I started my lab at a public university, the University of Oregon – which I loved – before coming to UChicago. I also love bike touring and backpacking in the mountains and my crazy puppy Walt. My two amazing children Harry and Grace came into my world while I was in grad school; they’re big now but have always been the most important part of my life.
My career in theoretical ecology and in academia, is—as often the case—the result of a series of coincidences. Here’s the first of many. To complete my five-year degree in Environmental Sciences at the University of Parma, Italy, I had to write a “tesi di laurea” (similar to a honors thesis), and I decided to ask for a project to Alessandro Zaccagnini, a number theorist who also taught mathematics to biologists. Definitely an unusual choice, but I had loved his classes.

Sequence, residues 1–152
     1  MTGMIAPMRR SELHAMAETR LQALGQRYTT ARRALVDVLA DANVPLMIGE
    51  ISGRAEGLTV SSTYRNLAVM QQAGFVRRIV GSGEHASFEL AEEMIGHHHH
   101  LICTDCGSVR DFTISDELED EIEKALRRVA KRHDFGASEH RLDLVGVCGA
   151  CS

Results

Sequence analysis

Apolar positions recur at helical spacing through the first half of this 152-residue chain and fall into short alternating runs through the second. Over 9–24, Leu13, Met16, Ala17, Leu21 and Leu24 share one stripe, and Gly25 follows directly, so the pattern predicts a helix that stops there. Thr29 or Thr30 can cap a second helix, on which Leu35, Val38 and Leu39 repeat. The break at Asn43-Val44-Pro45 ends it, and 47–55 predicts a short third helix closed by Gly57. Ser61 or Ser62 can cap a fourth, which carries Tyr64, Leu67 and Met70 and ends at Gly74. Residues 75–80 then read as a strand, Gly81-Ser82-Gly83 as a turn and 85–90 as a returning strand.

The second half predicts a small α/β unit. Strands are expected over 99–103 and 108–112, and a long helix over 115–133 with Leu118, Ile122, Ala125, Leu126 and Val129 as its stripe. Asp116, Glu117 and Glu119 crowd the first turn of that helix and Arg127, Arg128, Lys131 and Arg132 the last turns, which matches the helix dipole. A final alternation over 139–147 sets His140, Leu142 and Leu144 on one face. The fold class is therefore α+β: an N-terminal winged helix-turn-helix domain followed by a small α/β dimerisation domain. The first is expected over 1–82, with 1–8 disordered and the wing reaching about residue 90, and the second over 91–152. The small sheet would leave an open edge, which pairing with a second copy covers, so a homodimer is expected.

Because I could not complete research in number theory for a degree in Environmental Sciences, Alessandro proposed to work either on mathematical ecology or population genetics—and I chose ecology. We enlisted the help of Antonio Bodini and set out to work. At one of our meetings, Alessandro told me: “given that you’re having so much fun with this type of problem, you should consider pursuing a PhD”. I had never heard the word “PhD” before, and asked a few questions. At the time, I was also working full time as a programmer for a small telephone company. I found the work very tedious, and therefore I welcomed the idea of doing something more challenging—at least for a few years (the academic career in Italy is slow, long, and complicated; I had no real hope of securing a job). Twenty years after this conversation, and half-way across the world, I still believe it was a good choice for me.